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City of Banjul
Saturday, September 26, 2020

Our times

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Women in our society are bent on spending money as fast as their husbands can make it (for those who have husbands) and those who don’t, as fast as their partners or brothers in Europe, can afford and give it to them. One may ask, “on what do they actually spend the obscene amounts?”  “Is it on productive and useful ventures or just for the fun of it?”

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It is sad, but true, to say that most of the time, it is on unnecessary things that our womenfolk spend our money. Let me be quick to say that I am referring to money in general, whoever might have worked for  or earned it, for, in our liberated times, one may say that if she earns her money, no one should dictate how she spends it. That may be true indeed! But looking at the big picture, it is everyone’s duty to enlighten the people on spending the hard earned money.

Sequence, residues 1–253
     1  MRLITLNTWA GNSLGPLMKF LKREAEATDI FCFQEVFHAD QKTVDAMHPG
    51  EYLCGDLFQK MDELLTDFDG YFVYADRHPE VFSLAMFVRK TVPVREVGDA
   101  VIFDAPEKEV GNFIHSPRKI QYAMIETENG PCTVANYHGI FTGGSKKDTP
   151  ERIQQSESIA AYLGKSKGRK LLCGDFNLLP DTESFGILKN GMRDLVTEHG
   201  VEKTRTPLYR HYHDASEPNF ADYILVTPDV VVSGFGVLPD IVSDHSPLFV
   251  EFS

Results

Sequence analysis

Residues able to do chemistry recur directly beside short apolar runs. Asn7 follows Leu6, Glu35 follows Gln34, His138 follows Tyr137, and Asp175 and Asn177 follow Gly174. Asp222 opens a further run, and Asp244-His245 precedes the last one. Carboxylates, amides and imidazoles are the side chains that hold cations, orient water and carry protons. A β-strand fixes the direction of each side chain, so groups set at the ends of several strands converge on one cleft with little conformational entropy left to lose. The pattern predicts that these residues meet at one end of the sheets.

Coming back to the issue at hand, let me dwell a little bit on our spending ways. First, women want new dresses for almost all occasions they attend. If your wife wears a particular dress to, let’s say a naming ceremony, you don’t expect her to wear the same for another occasion. As a result, some women have so many dresses that they themselves cannot remember all of them. I once heard a woman comment that she only remembered that she had a particular dress when she saw someone wearing the same type! What an abomination when there are thousands of women who have almost nothing to wear.

There is also the bane of ashobee. This is the wearing of a similar dress by everyone for a particular ceremony. Ashobee has become so common that whenever there is an occasion, every husband should make arrangements for buying such dresses even before your wife asks. Sometimes, this can be a great burden to those who are less well-off in the society. The pressure will make them take loans or use cunning and morally suspicious methods to get money to buy such dresses.